Compiling repos/apache-mynewt-core/boot/bootutil/src/image_rsa.c
Compiling repos/apache-mynewt-core/boot/bootutil/src/image_ec256.c
Compiling repos/apache-mynewt-core/crypto/mbedtls/src/aes.c
Compiling repos/apache-mynewt-core/boot/bootutil/src/image_ec.c
Compiling repos/apache-mynewt-core/boot/bootutil/src/image_validate.c
Compiling repos/apache-mynewt-core/apps/boot/src/boot.c

       ...

Archiving util_mem.a
Linking ~/dev/arduinowifi/bin/targets/mkr1000_boot/app/apps/boot/boot.elf
Target successfully built: targets/mkr1000_boot
$


Build the Wi-Fi Application

Run the newt build mkr1000_wifi command to build the wi-fi application image:

$newt build mkr1000_wifi
Building target targets/mkr1000_wifi
Compiling repos/apache-mynewt-core/boot/bootutil/src/image_ec.c
Compiling repos/apache-mynewt-core/boot/bootutil/src/image_ec256.c
Compiling repos/apache-mynewt-core/boot/bootutil/src/image_rsa.c
Compiling repos/apache-mynewt-core/boot/bootutil/src/image_validate.c
Compiling repos/apache-mynewt-core/boot/bootutil/src/loader.c
           ...

Archiving util_mem.a
Linking ~/dev/arduinowifi/bin/targets/mkr1000_wifi/app/apps/winc1500_wifi/winc1500_wifi.elf
Target successfully built: targets/mkr1000_wifi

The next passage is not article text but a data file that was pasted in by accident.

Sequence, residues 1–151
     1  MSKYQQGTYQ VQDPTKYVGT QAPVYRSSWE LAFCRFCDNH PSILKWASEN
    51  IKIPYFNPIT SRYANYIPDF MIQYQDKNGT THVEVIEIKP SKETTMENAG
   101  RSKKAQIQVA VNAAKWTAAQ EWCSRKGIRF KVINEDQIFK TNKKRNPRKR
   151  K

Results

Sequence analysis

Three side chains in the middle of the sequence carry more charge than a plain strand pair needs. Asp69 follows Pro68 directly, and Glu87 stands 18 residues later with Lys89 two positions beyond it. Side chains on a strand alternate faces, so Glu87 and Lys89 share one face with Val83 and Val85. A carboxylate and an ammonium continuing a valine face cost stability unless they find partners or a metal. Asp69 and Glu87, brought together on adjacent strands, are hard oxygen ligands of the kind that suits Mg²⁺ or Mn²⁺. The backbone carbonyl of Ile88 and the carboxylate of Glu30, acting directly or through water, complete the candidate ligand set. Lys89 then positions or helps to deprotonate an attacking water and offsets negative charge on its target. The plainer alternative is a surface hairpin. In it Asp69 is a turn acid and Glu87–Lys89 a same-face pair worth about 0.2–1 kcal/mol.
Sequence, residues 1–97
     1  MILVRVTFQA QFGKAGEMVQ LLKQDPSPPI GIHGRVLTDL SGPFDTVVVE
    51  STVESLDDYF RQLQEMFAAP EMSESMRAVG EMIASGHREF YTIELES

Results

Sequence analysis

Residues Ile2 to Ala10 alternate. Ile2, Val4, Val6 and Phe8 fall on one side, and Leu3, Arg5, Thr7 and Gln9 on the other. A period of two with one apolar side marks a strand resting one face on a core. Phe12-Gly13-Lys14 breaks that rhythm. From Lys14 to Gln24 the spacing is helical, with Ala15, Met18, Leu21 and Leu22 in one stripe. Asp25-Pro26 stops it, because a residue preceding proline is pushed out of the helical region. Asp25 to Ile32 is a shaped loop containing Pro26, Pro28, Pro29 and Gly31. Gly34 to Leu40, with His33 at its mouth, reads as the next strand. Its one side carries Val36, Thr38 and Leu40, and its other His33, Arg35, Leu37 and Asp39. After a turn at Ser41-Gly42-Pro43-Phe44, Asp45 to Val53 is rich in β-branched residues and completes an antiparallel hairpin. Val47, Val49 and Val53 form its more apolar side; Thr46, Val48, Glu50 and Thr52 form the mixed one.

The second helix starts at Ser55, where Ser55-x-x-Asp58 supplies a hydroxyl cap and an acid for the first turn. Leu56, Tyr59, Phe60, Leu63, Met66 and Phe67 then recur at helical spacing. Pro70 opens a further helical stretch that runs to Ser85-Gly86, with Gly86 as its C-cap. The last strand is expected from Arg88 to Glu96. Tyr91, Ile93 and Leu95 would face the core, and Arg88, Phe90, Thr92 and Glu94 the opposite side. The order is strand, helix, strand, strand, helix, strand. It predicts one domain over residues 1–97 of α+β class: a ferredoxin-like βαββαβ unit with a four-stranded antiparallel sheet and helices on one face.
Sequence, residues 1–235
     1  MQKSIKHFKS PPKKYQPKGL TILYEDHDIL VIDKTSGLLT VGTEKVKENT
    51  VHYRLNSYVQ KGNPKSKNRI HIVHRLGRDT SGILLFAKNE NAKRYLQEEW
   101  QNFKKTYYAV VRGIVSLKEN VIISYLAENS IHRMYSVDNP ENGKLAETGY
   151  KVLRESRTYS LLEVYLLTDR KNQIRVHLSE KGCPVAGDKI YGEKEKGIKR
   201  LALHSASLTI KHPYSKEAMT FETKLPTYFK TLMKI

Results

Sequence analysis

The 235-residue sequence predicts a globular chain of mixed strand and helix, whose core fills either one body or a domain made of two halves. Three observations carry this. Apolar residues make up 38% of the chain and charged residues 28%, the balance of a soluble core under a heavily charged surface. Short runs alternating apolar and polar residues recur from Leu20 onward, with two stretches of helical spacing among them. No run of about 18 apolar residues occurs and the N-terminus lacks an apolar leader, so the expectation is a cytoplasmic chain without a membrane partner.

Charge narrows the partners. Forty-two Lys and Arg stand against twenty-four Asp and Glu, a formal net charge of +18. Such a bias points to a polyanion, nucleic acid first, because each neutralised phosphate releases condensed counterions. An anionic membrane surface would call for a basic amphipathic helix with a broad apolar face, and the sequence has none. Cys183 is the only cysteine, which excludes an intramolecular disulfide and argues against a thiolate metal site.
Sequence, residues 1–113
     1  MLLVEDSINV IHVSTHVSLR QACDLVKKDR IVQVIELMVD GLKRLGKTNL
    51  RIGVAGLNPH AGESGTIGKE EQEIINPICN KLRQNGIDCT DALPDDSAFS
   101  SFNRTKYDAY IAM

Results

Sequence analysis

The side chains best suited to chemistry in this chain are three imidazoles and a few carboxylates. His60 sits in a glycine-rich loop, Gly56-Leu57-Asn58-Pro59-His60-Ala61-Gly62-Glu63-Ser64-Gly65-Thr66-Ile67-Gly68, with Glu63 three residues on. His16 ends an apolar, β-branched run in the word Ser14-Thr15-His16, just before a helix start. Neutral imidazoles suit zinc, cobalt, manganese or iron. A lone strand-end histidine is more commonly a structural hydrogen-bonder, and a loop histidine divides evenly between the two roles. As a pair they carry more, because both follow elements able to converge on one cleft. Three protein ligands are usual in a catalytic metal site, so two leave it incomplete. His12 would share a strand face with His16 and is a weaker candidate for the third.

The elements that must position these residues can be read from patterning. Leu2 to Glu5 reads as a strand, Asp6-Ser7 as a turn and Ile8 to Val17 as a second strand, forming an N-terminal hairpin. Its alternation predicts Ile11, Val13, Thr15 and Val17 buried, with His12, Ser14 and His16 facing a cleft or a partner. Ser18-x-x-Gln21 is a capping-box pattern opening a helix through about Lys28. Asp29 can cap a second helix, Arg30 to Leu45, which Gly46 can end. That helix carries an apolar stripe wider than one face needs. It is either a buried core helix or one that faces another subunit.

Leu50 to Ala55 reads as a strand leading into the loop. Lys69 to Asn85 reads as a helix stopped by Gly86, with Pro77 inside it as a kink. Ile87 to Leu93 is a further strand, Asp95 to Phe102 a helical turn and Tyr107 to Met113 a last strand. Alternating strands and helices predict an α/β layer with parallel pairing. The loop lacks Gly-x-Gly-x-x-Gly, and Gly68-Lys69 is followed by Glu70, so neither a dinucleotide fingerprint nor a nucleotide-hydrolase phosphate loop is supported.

$


Sign and Create the Wi-Fi Application Image

Run the newt create-image mkr1000_wifi 1.0.0 command to sign and create an image file for the Wi-Fi application. You may assign an arbitrary version (e.g. 1.0.0) number.

$newt create-image  mkr1000_wifi 1.0.0
Compiling bin/targets/mkr1000_wifi/generated/src/mkr1000_wifi-sysinit-app.c
Archiving mkr1000_wifi-sysinit-app.a
Linking ~/dev/arduinowifi/bin/targets/mkr1000_wifi/app/apps/winc1500_wifi/winc1500_wifi.elf
App image succesfully generated: ~/dev/arduinowifi/bin/targets/mkr1000_wifi/app/apps/winc1500_wifi/winc1500_wifi.img
$


Connect to the Board

  • Connect your computer to the MKR1000 board with the Micro-USB cable.
  • Connect the debug probe to the JTAG port on the board using the Jlink 9-pin adapter and cable.


J-Link debug probe to MKR1000


Mynewt will download and debug the target through this port. You should see a green LED come on and indicates the board has power.


Load the Bootloader onto the Board

Run the newt load mkr1000_boot command to load the bootloader onto the board:

$ newt load mkr1000_boot
Loading bootloader
$


Load the Wi-Fi Application Image onto the Board

Run the newt load mkr1000_wifi command to load the wifi application onto the board:

$ newt load mkr1000_wifi
Loading app image into slot 1
$


Setup a Serial Connection Between Your Computer and the Board